RIAs Are Coming Up Short on Succession Planning: Fidelity | Lord Abbett
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Practice Management

Unless advisory firms plan for an orderly ownership transfer, they'll have to sell to a buyer or exit the business altogether.

This Practice Management article is intended for financial advisors only (registered representatives of broker/dealers or associated persons of Registered Investment Advisors).

When it comes to internal succession plans, RIA owners are coming up short.

Almost two-thirds of advisory firms say they prefer an internal succession, but only 27% have next-generation owners in place and only 9% of that group have equity stakes in their firms, according to Fidelity's 2015 RIA Benchmarking Study.

"That's really stark," says David Canter, executive vice president, practice management and consulting for Fidelity Clearing & Custody Solutions. "Nine percent is nothing. Firms say they want to have an internal succession, but unless they plan to provide for an orderly ownership transfer, and consider granting equity ownership, they're going to have to sell to an acquirer or exit the business."

Underscoring the problem is the study's finding that more than one in three firm owners (37%) are planning to exit the business within the next 10 years, up from 30% in 2014. And their bench strength isn't inspiring confidence: only 50% of firms strongly agree that their staff members have the skills and training for the firm to achieve its strategic objectives.

Time and Planning Critical
Owners planning for an internal succession need to give themselves five to 10 years before exiting to find and groom talent, according to the study.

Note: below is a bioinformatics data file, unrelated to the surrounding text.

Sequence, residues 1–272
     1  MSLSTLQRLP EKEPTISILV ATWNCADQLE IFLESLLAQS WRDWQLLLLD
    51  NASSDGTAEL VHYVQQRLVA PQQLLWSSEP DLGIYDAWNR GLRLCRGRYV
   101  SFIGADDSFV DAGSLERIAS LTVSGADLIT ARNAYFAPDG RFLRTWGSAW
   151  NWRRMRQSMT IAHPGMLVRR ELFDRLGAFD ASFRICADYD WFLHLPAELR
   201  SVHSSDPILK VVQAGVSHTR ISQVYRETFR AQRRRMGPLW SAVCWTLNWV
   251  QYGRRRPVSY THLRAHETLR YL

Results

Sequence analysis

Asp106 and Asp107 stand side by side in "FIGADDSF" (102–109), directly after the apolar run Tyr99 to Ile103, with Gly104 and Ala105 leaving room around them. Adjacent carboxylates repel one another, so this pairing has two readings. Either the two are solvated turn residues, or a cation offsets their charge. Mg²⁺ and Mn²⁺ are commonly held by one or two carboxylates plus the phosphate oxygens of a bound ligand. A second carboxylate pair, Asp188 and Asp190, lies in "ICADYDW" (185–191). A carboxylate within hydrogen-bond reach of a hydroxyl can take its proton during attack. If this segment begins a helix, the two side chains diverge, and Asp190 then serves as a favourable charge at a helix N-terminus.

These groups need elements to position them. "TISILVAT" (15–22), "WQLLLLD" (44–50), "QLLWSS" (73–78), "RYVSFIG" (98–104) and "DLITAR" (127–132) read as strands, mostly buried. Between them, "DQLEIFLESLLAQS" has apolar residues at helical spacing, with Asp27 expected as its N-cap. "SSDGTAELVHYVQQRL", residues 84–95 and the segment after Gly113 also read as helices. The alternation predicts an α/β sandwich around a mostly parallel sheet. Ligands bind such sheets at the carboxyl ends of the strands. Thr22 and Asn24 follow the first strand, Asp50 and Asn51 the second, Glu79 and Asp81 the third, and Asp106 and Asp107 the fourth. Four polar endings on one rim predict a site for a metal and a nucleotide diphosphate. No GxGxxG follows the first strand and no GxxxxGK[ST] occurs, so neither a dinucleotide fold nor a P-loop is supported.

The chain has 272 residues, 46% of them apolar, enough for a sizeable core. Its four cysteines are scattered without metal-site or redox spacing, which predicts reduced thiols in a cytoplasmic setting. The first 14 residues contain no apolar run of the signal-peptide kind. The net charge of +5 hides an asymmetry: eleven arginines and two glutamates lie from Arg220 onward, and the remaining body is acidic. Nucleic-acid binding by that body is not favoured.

"As firm leaders sit down to think about their business plan for 2016, they should also consider what their five-year, 10-year, even 20-year plan is for their business," Canter says. "They have to really understand what they need from next-generation leaders—what skills and qualifications do they expect from them?"

Planning a transition in advance also helps facilitate financing, Canter points out. "If you wait until the last minute, how is the younger advisor going to afford it?" he says.

Demographics as Destiny
The study also found that 23% of RIA clients were at least 70 years old, and this group holds 28% of firms' assets.

"This client demographic shift is really, really important," Canter says. "Advisors have to make sure they don't have a relationship gap. Do they have younger clients in the pipeline? Do they have solid relationships and connective tissue with other members of a clients' family?"

"Demographics creep up on you," he continued. "The 30-year-old of today is 40 in 10 years."

As in previous years, the Fidelity study identified a group of high-performing firms (HPFs)—those firms which outperformed others in the areas of growth, productivity, and profitability—and identified some of their best practices.

Best Practices of Top Firms
These high-performing firms are more prepared when it comes to succession planning, the study found. Here's what they did differently:

  • More than half of HPFs (52%) have succession plans ready for implementation, compared with 40% of all other firms.
  • A higher percentage of HPFs have changed their approach or readiness for succession over the last three years (68% versus 52%).
  • More HPFs have hired, identified, or begun developing potential successors in the past three years (23% versus 15%).
  • HPFs also appear to be connecting the dots between succession planning and valuation: 75% of them have a mechanism in place to determine firm value in the event of an internal succession or ownership transition (versus 61% of all other firms). 

—By Charles Paikert



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